The IRS recently made a welcome announcement for higher-income workers with 401(k) and similar retirement plans.
A new rule set to take effect in 2024, which would have required catch-up contributions made by individuals earning over $145,000 to be directed into an after-tax Roth account, has been postponed until 2026.
This two-year administrative transition period provides savers nearing retirement and earning above the specified income threshold with additional time to make catch-up contributions on a pre-tax basis.
The requirement to direct catch-up contributions into a Roth account is part of the SECURE Act 2.0, which was signed into law in late 2022.
According to this provision, starting in 2024, any catch-up contributions made to a 401(k) or similar workplace retirement account by individuals earning over $145,000 in the prior year must be made on a Roth basis.
With Roth contributions, taxes are paid upfront in exchange for tax-free growth and withdrawals.
However, an oversight in the legislation accidentally deleted the provision allowing catch-up contributions for savers at every income level. In its current form, the law indicated the end of catch-up contributions altogether after 2023.
While Congress has acknowledged this error, it has not yet passed corrective legislation to restore catch-up contributions.
The IRS has taken a proactive approach to address this issue. The agency’s stance is that it will act as though the legislative glitch never occurred.
Therefore, catch-up contributions can continue as before in 2024 and beyond, irrespective of the law’s language.
In its announcement, the IRS clarified, “The notice also clarifies that the SECURE 2.0 Act does not prohibit plans from permitting catch-up contributions, so plan participants who are age 50 and over can still make catch-up contributions after 2023.”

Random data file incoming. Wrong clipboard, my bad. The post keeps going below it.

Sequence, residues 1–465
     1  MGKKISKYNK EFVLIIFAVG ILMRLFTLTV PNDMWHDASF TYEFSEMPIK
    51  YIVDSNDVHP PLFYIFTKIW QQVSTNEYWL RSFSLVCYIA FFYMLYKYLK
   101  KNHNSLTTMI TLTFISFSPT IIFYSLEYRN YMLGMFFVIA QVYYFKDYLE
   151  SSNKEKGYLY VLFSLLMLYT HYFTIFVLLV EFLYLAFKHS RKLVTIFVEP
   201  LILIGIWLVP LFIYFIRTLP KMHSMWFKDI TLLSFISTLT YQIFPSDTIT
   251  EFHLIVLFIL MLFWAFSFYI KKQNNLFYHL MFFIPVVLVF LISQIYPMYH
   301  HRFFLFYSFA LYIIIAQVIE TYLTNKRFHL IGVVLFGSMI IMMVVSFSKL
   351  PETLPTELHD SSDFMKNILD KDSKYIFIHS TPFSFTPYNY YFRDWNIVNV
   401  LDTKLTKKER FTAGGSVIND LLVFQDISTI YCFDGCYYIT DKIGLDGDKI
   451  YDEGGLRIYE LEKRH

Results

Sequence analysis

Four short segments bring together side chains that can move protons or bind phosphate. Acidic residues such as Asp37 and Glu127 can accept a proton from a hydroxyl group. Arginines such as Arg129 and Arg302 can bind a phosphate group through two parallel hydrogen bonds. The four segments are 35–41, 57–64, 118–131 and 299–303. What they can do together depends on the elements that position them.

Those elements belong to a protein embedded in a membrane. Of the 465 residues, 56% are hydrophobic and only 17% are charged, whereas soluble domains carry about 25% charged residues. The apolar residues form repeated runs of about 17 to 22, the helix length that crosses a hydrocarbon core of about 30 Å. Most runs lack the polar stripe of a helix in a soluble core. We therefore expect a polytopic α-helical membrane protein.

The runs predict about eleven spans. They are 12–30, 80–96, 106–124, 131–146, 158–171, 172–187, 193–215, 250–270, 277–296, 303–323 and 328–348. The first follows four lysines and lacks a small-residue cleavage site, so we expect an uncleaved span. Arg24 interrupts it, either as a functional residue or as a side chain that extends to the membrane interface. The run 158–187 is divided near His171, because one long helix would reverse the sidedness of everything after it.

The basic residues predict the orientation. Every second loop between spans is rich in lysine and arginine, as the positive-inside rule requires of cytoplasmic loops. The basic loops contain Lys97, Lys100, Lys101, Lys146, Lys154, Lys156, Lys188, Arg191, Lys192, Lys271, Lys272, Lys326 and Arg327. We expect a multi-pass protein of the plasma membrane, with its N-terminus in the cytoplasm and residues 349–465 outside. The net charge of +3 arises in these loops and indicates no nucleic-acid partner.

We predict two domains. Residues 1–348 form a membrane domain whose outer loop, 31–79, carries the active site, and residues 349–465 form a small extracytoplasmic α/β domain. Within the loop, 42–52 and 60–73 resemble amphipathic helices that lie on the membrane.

This accidental removal of catch-up contributions could have had significant implications for individuals over 50 and approaching retirement.
Catch-up contributions provide an opportunity for those 50 and over to make additional contributions above the regular annual limits, boosting retirement savings during the crucial years leading up to retirement.
The requirement to make catch-up contributions on a Roth basis posed a different set of challenges.
This change would have forced savers to pay taxes on catch-up contributions immediately instead of deferring them pre-tax.
While Roth accounts offer potential benefits through tax-free withdrawals, the immediate tax obligation could push savers into a higher tax bracket.
Employers would have faced a substantial burden as well, as they would have had limited time to add Roth options to their retirement plans to accommodate catch-ups for employees earning at least $145,000.
The uproar from employers over this added complexity likely played a role in the IRS’s decision to create the transition period.
Thanks to the IRS’s transitional relief, retirement savers have gained more flexibility with their catch-up contributions until 2026. Additionally, they can be reassured by the agency’s willingness to overlook the SECURE Act 2.0’s error that would have eliminated all catch-up contributions starting in 2024.
For those aged 50 or older, this extension provides an opportunity to make two more years of pre-tax catch-up contributions, helping lower taxable income before the Roth rule becomes effective.
Savers may also consider using this additional time to allocate some catch-up funds to a Roth account voluntarily as a hedging strategy.
Finally, developing a plan for 2026 and beyond, when catch-ups must be made on a Roth basis, is essential.
Consulting with a financial advisor to incorporate these changes into your retirement plan can also be a prudent step for making the most of this new flexibility.
Source: SmartAsset via Yahoo